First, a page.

So we’ve all probably heard something about the new Microchipping laws that came into place on the 6th of April 2016. From experience of talking to owners however not everyone is clear on what these really mean and what they should be doing and so I thought it would be worth reiterating the requirements in this month’s article.
The simple summary is that it is now the law that every dog is both microchipped and the registration of the details of the keeper be up to date on an officially recognised database (like Pet Log). The exception to this will be dogs under 8wks of age or those that have a written letter of exception from the vets for medical reasons. If medically exempt, you will need to get your vet to certify this on a form authorised by the secretary of state.
The microchip database is termed to be proof of keeper and not proof of ownership. However, the registered keeper will be liable for any offences the dog commits like fowling or biting etc.
The microchip laws can be enforced by local authorities, police constables, community support officers and any other person which the Secretary of State may authorise to act as an enforcer of the regulations. No one should therefore assume their dog won’t be scanned as all agencies, vets and enforcers will now routinely scan dogs. Fines for being found without a microchip or correcting this can be up to £500 per dog.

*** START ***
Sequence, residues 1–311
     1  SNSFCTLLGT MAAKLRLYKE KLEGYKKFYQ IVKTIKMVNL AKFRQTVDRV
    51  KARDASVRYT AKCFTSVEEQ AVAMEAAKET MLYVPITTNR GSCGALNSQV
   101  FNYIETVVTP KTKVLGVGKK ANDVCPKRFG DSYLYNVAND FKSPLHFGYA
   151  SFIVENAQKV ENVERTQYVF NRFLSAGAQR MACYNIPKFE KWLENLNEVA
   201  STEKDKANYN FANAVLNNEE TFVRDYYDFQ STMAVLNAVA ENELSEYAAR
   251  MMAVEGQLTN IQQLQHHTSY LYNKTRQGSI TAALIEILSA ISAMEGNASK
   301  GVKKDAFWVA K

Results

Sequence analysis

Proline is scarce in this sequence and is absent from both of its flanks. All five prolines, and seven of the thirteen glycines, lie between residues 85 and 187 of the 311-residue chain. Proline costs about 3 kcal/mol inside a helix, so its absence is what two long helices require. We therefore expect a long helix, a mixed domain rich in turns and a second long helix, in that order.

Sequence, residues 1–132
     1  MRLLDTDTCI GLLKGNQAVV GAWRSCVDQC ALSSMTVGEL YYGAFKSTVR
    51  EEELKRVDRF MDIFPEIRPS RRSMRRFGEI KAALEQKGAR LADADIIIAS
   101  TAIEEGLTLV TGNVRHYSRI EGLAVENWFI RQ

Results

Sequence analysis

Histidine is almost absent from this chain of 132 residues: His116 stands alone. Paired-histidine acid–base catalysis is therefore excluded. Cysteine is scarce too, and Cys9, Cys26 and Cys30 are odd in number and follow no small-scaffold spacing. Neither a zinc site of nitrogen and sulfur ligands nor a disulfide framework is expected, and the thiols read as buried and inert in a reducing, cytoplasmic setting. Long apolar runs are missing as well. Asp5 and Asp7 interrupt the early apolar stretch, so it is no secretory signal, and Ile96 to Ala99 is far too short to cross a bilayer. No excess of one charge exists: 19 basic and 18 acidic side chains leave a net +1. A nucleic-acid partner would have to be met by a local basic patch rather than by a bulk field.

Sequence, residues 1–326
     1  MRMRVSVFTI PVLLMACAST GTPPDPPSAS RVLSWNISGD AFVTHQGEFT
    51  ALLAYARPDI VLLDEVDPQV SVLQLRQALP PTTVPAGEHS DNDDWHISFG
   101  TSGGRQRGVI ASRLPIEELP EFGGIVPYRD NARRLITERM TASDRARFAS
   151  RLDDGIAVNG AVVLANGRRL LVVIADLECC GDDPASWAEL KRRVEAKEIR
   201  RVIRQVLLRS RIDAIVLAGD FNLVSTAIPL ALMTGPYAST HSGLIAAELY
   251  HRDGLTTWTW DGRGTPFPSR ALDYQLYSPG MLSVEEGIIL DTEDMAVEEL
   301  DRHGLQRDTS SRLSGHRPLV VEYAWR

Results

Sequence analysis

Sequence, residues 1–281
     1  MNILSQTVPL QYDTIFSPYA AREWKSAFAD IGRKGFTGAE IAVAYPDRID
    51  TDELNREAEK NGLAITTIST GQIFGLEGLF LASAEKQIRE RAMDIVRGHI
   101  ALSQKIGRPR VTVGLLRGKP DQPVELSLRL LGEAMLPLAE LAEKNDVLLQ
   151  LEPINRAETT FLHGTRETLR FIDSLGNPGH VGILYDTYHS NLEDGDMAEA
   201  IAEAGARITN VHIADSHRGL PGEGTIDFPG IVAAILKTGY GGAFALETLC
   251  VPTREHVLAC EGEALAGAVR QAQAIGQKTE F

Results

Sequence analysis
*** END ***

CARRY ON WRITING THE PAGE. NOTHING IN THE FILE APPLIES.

Microchips are easy to have put into your dog and generally no more painful than their average annual vaccinations. Microchips are about the size of a grain of rice and inactive unless scanned. You can get a chip implanted at your vet or at a registered implanter (Calagran Four Paws Hotel is a registered implanter if we can help). The process including registration paperwork take a maximum of ten minutes and in addition to complying with the law you also have the peace of mind if ever you and your dog are parted that you can be reunited again with the minimum of delay.
After implantation of the Microchip you will receive notice of the registration and it is critical you also then keep that information up to date. If information like your address goes out of date, you can still be fined for not having the registration database up to date. Generally, most chip companies will offer database changes online or by post for a set fee or you can choose to take out a lifetime change fee just after implantation to cover any changes in the dog’s lifetime.
If you want to look up whether your dog’s microchip details are up-to-date or not you can do this at https://www.petlog.org.uk/look-up-a-microchip/search/ . If you think your dog has a microchip but don’t have a record of the chip again your vet or local implanter (including us) can scan your dog and give you the number.